Monday morning, we packed up and headed back to Cedar Rapids, getting there well before the HR Derby’s scheduled start. Of course, it turned out the actual start was delayed about an hour by rain anyway.
The ovations for Justin Morneau and Brian Dozier were terrific and I thought the crowd did a nice job of showing appreciation for all the participants.
I felt a bit bad for Yasiel Puig. I’m not sure if he just was too amped up or what. And did nobody tell him he should enlist his favorite BP pitcher to throw to him? Odd. Anyway, I suspect he’ll do better in a future Derby.
If I’m being completely honest, I was just really glad it wasn’t Morneau or Dozier that got shutout.
I watched the first couple innings of the All-Star Game itself at my favorite local bar. They had music playing, so I was spared the need to mute the TV. Of course, that meant I missed what most seem to think was a pretty good National Anthem (though FOX totally blew off the Canadian Anthem, which I thought was tacky on their part).
Looked like a great flyover, too. I love those.
I guess I have to give my thoughts on the Jeter-fest.
I’d like to get a real good case of Jeter-hate up, but I just can’t.
Yes, I hate the Yankees and that’s largely because of Yankee fans, so it’s usually pretty easy for me to really dislike individual Yankee players. But I reserve most of my dislike for the mercenaries who grab the Yankee dough after spending their best years elsewhere.
Jeter didn’t do that. And, at least at the ballpark, from what I can tell, he’s conducted himself in a pretty honorable manner through the years. I can appreciate that, even in a Yankee.
Is he over-rated? Oh yeah, definitely. But playing for the Yankees isn’t always easy, as others have found out, so maybe a guy who plays there and plays very well for 20 years should get a little credit for that.
That said, I would agree that his career warranted an ASG send off closer to the one Chipper Jones got. It just wasn’t realistic to expect that would happen.
So, I thought he, MLB, the Twins and the Target Field crowd did about the best job that could have been expected of balancing proper appreciation with he inevitable ESPN/FOX overkill of the situation.
I admit, too, that I was pleasantly surprised that Mike Trout got the ASG MVP award, rather than Jeter. Again, some bias there at seeing another former Kernels player out-do the “face of baseball.”
By the way, that whole “face of baseball” thing is a crock. First, there IS no face of baseball. This isn’t the NBA and we don’t need hyped up media megastars to survive.
Trout is the best player in the game and he’s only 22 years old (for about another month), but the media will never allow him to reach the hype level of Jeter – because he’s not a Yankee. It’s really that simple.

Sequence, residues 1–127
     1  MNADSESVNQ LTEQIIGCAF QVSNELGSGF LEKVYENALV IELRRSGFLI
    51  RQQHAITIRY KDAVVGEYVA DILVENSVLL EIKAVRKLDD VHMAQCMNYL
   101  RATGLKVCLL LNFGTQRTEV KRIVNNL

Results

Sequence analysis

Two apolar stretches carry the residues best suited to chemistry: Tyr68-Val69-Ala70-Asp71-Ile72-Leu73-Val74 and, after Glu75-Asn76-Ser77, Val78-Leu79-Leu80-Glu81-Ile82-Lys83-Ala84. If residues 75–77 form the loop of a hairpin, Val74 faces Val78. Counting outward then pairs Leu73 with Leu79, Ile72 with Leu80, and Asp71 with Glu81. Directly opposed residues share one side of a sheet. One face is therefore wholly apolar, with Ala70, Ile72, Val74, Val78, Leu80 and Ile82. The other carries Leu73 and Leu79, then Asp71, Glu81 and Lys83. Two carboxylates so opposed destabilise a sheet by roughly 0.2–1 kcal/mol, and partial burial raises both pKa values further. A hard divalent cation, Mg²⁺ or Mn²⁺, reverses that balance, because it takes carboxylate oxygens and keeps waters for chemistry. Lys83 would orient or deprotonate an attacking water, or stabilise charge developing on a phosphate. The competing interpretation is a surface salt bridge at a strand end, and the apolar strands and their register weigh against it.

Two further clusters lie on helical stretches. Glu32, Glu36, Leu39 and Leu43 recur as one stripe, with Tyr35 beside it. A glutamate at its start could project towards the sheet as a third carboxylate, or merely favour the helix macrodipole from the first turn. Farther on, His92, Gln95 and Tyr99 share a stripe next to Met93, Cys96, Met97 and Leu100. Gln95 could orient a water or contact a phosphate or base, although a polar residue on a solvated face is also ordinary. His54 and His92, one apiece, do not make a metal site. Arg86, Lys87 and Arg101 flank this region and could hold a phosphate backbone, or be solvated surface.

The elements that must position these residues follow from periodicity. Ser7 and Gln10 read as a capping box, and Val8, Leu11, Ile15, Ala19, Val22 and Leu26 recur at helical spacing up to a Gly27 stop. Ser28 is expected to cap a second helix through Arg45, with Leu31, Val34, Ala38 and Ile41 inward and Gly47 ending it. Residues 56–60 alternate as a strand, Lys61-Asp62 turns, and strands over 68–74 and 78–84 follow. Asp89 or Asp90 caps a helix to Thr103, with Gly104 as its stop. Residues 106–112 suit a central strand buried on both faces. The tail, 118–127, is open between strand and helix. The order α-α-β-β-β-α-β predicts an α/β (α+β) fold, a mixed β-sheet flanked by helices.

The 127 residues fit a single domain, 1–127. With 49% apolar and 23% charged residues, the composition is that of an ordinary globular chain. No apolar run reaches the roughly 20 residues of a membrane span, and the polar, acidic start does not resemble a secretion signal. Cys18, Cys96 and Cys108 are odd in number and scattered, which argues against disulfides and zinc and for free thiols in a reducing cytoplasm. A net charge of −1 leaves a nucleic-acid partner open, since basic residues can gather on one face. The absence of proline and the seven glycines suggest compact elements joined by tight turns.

There will be no more “face of baseball” hype until the next time there’s a Yankee with the pedigree to allow Yankee fans, MLB and ESPN to bang the drum loud enough to proclaim him as such.
Hopefully, that will take a REALLY long time. Like forever.
It was good to see Pat Neshek participating. You can’t help but feel just how important this unimportant game was to him after all he’s been through.
Sure, there were more deserving pitchers that could have been selected (but not as many as some people think), but as long as you’re going to give the ASG manager some latitude on picks, you’re going to get some picks based on his emotions and if that’s going to happen, I’d rather see it happen to guys like Neshek than some others.
I did think he could have done without the bit of Twins front office-bashing he did to the media over the weekend, but he probably has good reason to feel the way he does. Heck, I really wish I could complain that letting Neshek go was the worst decision the Twins have made the last few years.
It’s too bad Neshek got saddled with the loss. His 3B (I don’t even remember who it was) sure didn’t do him any favors with his defense on Trout’s double down the left field line.
The game was at least interesting. Plenty of stars performed well under the spotlight. Some did not (I’m looking at you Robinson Cano).
All in all, as I said, it was an event Twins fans can be proud of.
I took a few pictures on Sunday, so I’ll share some of them here. – JC
June has not been kind to the Cedar Rapids Kernels.
As a team, they’ve lost a dozen games this month and won just six. The first half of the season mercifully drew to a close a week ago, but the Kernels started off their second half season by dropping three of four road games to the Midwest League’s Western Division champions, the Kane County Cougars.